5. Conker’s bad fur day (Conker, live and reloaded)
This was originally an N64 title, but was also ported to the Xbox later on, and then added as a compatible game to the Xbox 360. This is a title that has occurred in the last three generations of console gaming.

And these are not spin offs, aside from the ported Xbox version -which changes a few things in order to take the piss out of crappy ports- this is the same damn game. People are still playing it, nearly 10 years after its release.

The game has a timeless charm and some brilliant satire. And while the movies that it spoofs have long since fallen out of the public consciousness, if you’ve watched them you’ll still crack a giggle (especially the ending where they manage to take the piss out of the Matrix, Star Wars and Alien at the same damn time).

The graphics still hold up well (for the Xbox port anyway), thanks to the fact that they really pushed the machine’s limits when the game was brought out, the game play is excellent, smooth and engaging and the extra game modes added to the Xbox port are genuinely fun and clearly have had a lot of effort put into them.

Factor in some M rated jokes (the game earned a 15 rating in Britain), and it’s a classic, highly amusing experience. My only problem is that the Xbox port of the game was heavily censored, probably because some dipshit thought that a game where all the characters are anthropomorphic animals could only be aimed at kids (those of you who know otherwise know who you are), and therefore should not feature a giant turd singing about shit.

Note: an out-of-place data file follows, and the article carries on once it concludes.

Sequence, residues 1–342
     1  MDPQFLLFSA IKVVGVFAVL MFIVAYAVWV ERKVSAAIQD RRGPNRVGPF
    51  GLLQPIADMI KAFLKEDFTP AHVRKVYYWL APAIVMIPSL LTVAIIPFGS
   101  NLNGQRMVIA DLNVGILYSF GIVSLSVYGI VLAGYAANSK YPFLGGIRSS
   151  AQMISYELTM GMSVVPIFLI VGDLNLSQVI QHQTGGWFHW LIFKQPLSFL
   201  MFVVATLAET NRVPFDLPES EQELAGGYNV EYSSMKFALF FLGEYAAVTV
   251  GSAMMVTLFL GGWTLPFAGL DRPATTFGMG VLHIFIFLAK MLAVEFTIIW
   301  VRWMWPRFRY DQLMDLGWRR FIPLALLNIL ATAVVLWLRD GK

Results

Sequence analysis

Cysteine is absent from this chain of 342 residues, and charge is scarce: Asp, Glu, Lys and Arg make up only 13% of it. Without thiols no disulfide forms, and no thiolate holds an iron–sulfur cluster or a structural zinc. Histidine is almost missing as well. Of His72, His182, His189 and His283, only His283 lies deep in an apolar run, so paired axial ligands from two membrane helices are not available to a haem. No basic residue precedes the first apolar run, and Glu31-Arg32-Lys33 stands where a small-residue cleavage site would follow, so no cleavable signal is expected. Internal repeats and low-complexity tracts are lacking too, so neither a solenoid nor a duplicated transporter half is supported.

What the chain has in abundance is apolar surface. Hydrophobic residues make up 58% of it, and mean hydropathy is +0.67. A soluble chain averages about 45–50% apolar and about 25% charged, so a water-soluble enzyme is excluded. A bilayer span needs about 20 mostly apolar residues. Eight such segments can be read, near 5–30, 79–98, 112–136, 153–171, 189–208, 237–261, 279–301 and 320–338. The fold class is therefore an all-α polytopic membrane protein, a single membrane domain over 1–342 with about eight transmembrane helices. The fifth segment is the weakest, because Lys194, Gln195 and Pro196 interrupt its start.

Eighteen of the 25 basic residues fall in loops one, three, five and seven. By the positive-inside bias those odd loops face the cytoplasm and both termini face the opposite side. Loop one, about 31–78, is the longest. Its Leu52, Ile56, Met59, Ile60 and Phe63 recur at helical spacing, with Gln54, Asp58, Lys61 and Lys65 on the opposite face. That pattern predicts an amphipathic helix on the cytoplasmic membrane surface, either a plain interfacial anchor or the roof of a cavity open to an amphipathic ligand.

No, that’s actually a scene in the game. And who could forget the Scouse dung beetles?

So there you go, proof that I do have a heart and don’t think anything over three years old is a pile of garbage. Remember, nostalgia is fine, but don’t kid yourself into thinking that games are not as good as they used to be- very few games actually hold their age well, and retain their ability to compete in the modern market. But if you have any other games you’d like to raise awareness of, please feel free to comment below.